‘Rocketman’ review: The glamorous and heartbreaking life of Elton John

With its highly imaginative direction and Taron Egerton’s magnetic performance, ‘Rocketman’ finishes on a high note.

It’s impossible not to think of Bohemian Rhapsody while watching Rocketman. Not to mention the fact that Rocketman director Dexter Fletcher himself assumed directing duties after Bryan Singer’s untimely exit while shooting Bohemian Rhapsody, both musical biopics feature flamboyant, gay pop-rock icons who reinvented themselves amidst adversity.

Rocketman, however, has a surefire edge over the other as Taron Egerton here does his own singing. We first heard him spectacularly perform an Elton John classic in Dreamworks’ Sing, and that credential alone suggests that he might have the vocal chops to do the rest of his jukebox. And he does not disappoint. Egerton may not exactly look or sound like Elton, but he channels the superstar’s flair and vibe with such authenticity that goes beyond an impersonation. Donned with signature over-the-top costumes, he successfully puts on a fearless and electrifying show. If Rami Malek can win an Academy Award for his work in Bohemian Rhapsody, it’s only righteous to start the Oscar hype as early as now for Taron Egerton.

“…how wonderful life is when you’re in the world.”
Taron Egerton as Elton John performs ‘Your Song.’

Both movies pretty much follow a standard template for musical biopics – a calculated yet effective retelling of the rise, the fall and the rebirth of an icon, accompanied by a wheelhouse of greatest hits. In Rocketman, piano prodigy Reginald Kenneth Dwight (Elton’s birth name) meets an aspiring lyricist Bernie Taupin (Jamie Bell) and together, they produce a number of hits that skyrockets Elton’s hollywood career to superstardom. The costs of fame soon catches up and he falls into an abyss of depression and various addictions – shopping, alcohol, painkillers and even sex. Whereas Bohemian Rhapsody is on a disadvantage for being confined to a PG-13 setting, Rocketman greatly benefits from its R-rating as it avoids sugarcoating the edgy chapters in Elton’s extravagant and promiscuous lifestyle.

But what makes Rocketman truly soar is Fletcher’s assured and adventurous direction that deftly weaves fantasy elements into Elton’s trajectory. Unlike Bohemian Rhapsody, the film disregards the chronological release of his songs and goes for a full-blown musical: the characters break out in songs and dances whenever the narrative calls for it. Given the eccentric nature of its protagonist, it’s quite easy to suspend disbelief and allow the film to take us to wherever it wants to go.

Jamie Bell (Bernie Taupin) and Taron Egerton bring warmth and sincerity to their friendship in ‘Rocketman.’

Musical scorer Matthew Margeson brings new arrangements to some of Elton’s songs and in doing so, the film produces multiple music genres that bear wide range of emotions. An energetic “Saturday Night’s Alright for Fighting” marks Elton’s rebellious transition from childhood to young adult. The “Crocodile Rock” performance – where gravity cease to exist for a moment and the crowd starts floating – represents an insurmountable joy during Elton’s music career. “Bennie and the Jets” is played with an increasingly aggressive tempo to portray his psychedelic descent to rock bottom. The highly imaginative sequence of “Rocketman” is presented as an accompaniment to Elton’s suicide attempt and desire to leave the spotlight.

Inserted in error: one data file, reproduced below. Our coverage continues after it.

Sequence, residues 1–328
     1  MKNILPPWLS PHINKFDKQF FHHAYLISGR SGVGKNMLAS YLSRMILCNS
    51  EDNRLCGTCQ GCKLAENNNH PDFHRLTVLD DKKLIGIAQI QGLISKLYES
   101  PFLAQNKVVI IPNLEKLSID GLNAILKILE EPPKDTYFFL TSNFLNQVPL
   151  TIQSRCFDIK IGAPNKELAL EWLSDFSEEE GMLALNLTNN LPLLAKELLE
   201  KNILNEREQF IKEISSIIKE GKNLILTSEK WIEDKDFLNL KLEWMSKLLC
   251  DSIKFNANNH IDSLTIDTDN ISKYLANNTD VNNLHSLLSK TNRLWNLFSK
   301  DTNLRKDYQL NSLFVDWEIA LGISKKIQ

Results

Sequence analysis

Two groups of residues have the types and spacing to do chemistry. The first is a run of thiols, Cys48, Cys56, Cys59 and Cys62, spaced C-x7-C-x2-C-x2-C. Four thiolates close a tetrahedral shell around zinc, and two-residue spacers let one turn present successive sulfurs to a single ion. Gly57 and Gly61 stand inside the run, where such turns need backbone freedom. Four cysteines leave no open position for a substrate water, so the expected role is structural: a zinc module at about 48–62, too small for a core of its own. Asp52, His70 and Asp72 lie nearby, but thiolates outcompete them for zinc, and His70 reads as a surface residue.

The film also shines with its slow ballads like the iconic “Tiny Dancer” being reinterpreted as a song about longing and unrequited love; an intimate “Your Song” that brings earnestness to the film’s core friendship; and an emotional duet of “Goodbye Yellow Brick Road” that reflects Elton and Bernie’s anger and disappointment at each other. It’s an epic celebration of the superstar’s enduring legacy and Elton’s spirit is very much alive throughout.

A rising star. Elton John performs “The Crocodile” in Troubadour, London.

At times, Rocketman feels like a Broadway production, where its pompous musical numbers occasionally outweigh the introspective drama involved. But thankfully, Fletcher takes us back to a third act where film’s cliché narrative setup – a frustrated Elton recounts his life during a therapy session – finally pays off as he confronts his inner demons. It’s in this moment when the pieces fall together and we understand the complexities of the character. Here is a son who poses a peculiar persona in a subconscious attempt to gain the affections of his uncaring father (Steven Mackintosh) and promiscuous mother (Bryce Dallas Howard). A performer who took risks in the music industry because his dashing yet devious manager/lover (Richard Madden) urges him to leave a mark in the world. A gay man whose told to be choosing a life of loneliness because of his decision to embrace his sexuality. A star who succumbs to self-destruction after failing to earn the validation of the people who mattered to him. And finally, a flawed human who decides to turn his life around with the help of his loyal best friend.

Livin’ the high life? Taron Egerton, Bryce Dallas Howard (Sheila) and Richard Madden (John Reid) in ‘Rocketman.’

With all the entertainment that Rocketman offers in its great performances and splendid production design, there lies an incredibly relatable tale of unconditional friendship, atonement, freedom and self-actualization. It’s only fitting that the film ends with the song “I’m Still Standing” to cap off Elton John’s moment of redemption. This can be your song too, and you can tell everybody.